Recap From June’s Picks
On a price return basis, the Dividend Growth Stocks Model Portfolio (+2.9%) outperformed the S&P 500 (+2.8%) by 0.1%, and on a total return basis, the Model Portfolio (+3.0%) outperformed the S&P 500 (+2.8%) by 0.2%. The best performing stock was up 18%. Overall, 11 out of the 30 Dividend Growth Stocks outperformed the S&P 500 from June 29, 2022 through July 26, 2022.
The methodology for this model portfolio mimics an “All Cap Blend” style with a focus on dividend growth. Selected stocks earn an attractive or very attractive rating, generate positive free cash flow (FCF) and economic earnings, offer a current dividend yield >1%, and have a 5+ year track record of consecutive dividend growth. This model portfolio is designed for investors who are more focused on long-term capital appreciation than current income, but still appreciate the power of dividends, especially growing dividends.
Featured Stock From July: Masco Corporation
Masco Corporation (MAS) is the featured stock from July’s Dividend Growth Stocks Model Portfolio.
Masco has grown revenue by 1% compounded annually and net operating profit after-tax (NOPAT) by 19% compounded annually over the past ten years. Masco’s NOPAT margin rose from 4% in 2012 to 12% over the trailing twelve months (TTM), while invested capital turns improved from 0.7 to 0.9. Rising NOPAT margin and invested capital turns drive Masco’s return on invested capital (ROIC) from 3% in 2012 to 10% over the TTM. The company’s economic earnings, the true cash flows of the business, rose from -$90 million to $522 million over the same time.
Figure 1: Masco’s NOPAT & Revenue Since 2011
FCF Exceeds Dividends by a Wide Margin
Masco has increased its dividend in each of the past 9 years. The company increased its regular dividend from $0.41/share in 2017 to $0.85/share in 2021, or 20% compounded annually. The current quarterly dividend, when annualized, equals $1.12/share, and provides a 2.0% dividend yield.
More importantly, Masco’s strong free cash flow (FCF) easily exceeds the company’s growing dividend payments. From 2017 – 2021, Masco’s cumulative $4.9 billion (40% of current market cap) in FCF is more than 6x the $763 million in dividends paid out, per Figure 2. Over the TTM, the company generated $749 million in FCF and paid out $246 million in dividends.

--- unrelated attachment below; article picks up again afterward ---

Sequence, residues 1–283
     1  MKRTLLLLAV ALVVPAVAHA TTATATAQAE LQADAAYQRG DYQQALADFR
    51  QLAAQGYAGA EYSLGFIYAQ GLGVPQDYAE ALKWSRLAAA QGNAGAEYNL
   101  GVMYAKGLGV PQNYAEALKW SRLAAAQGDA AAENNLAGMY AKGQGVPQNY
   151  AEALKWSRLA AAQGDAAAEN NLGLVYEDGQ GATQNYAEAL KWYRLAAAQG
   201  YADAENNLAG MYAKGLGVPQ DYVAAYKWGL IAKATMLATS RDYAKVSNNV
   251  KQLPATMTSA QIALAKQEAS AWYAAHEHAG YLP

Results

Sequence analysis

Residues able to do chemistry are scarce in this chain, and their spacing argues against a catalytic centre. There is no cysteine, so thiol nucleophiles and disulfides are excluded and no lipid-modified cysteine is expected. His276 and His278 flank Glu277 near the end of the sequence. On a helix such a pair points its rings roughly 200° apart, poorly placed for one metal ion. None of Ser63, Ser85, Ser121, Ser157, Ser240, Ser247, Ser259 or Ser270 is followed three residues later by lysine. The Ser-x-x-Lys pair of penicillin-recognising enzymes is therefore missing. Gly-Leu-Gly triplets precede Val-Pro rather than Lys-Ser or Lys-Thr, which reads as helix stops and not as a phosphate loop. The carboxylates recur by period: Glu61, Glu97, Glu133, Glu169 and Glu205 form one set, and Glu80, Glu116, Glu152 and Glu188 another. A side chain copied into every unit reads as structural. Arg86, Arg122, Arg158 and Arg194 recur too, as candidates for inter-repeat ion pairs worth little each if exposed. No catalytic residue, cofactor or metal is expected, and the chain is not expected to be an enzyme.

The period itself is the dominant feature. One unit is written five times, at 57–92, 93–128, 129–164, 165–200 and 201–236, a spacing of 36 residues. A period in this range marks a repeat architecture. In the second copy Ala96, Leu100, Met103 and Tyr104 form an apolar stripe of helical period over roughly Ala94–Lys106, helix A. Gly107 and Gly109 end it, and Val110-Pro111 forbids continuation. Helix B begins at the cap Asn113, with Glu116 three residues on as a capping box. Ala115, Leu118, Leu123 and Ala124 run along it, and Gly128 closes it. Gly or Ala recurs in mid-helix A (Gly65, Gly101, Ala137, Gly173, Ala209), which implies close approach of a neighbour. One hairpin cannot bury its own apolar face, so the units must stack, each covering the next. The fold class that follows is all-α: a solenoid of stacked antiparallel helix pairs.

Figure 2 also shows that Masco’s FCF significantly exceeded its dividend payments in each of the past five years.
Figure 2: Free Cash Flow vs. Regular Dividend Payments
Companies with FCF well above dividend payments provide higher quality dividend growth opportunities because I know the company generates the cash to support a higher dividend. On the other hand, the dividend of a company where FCF falls short of the dividend payment over time cannot be trusted to grow or even maintain its dividend because of inadequate free cash flow.
Masco Has Upside Potential
At its current price of $55/share, MAS has a price-to-economic book value (PEBV) ratio of 0.8. This ratio means the market expects Masco’s NOPAT to permanently decline by 20%. This expectation seems overly pessimistic for a company that has grown NOPAT by 8% compounded annually over the past five years and 19% compounded annually over the past decade.
If Masco’s NOPAT margin falls to 10% (ten-year average vs. 12% TTM) and the company grows NOPAT by just 3% compounded annually for the next decade, the stock would be worth $70+/share today – a 27% upside. See the math behind the reverse DCF scenario.
Should the company grow NOPAT more in line with historical growth rates, the stock has even more upside. Add in Masco’s 2.0% dividend yield and history of dividend growth, and it’s clear why this stock is in July’s Dividend Growth Stocks Model Portfolio.
Critical Details Found in Financial Filings by My Firm’s Robo-Analyst Technology
Below are specifics on the adjustments I make based on Robo-Analyst findings in Masco’s 10-K and 10-Qs:
Income Statement: I made $1.1 billion in adjustments with a net effect of removing $661 million in non-operating expenses (8% of revenue).
Balance Sheet: I made $8.1 billion in adjustments to calculate invested capital with a net increase of $6.4 billion. The most notable adjustment was $3.8 billion (105% of reported net assets) in asset write-downs.
Valuation: I made $3.7 billion in adjustments with a net effect of decreasing shareholder value by $3.7 billion. Apart from total debt, the most notable adjustment to shareholder value was $227 million in underfunded pensions. This adjustment represents 2% of Masco’s market value.
Disclosure: David Trainer, Kyle Guske II, Matt Shuler, and Brian Pellegrini receive no compensation to write about any specific stock, style, or theme.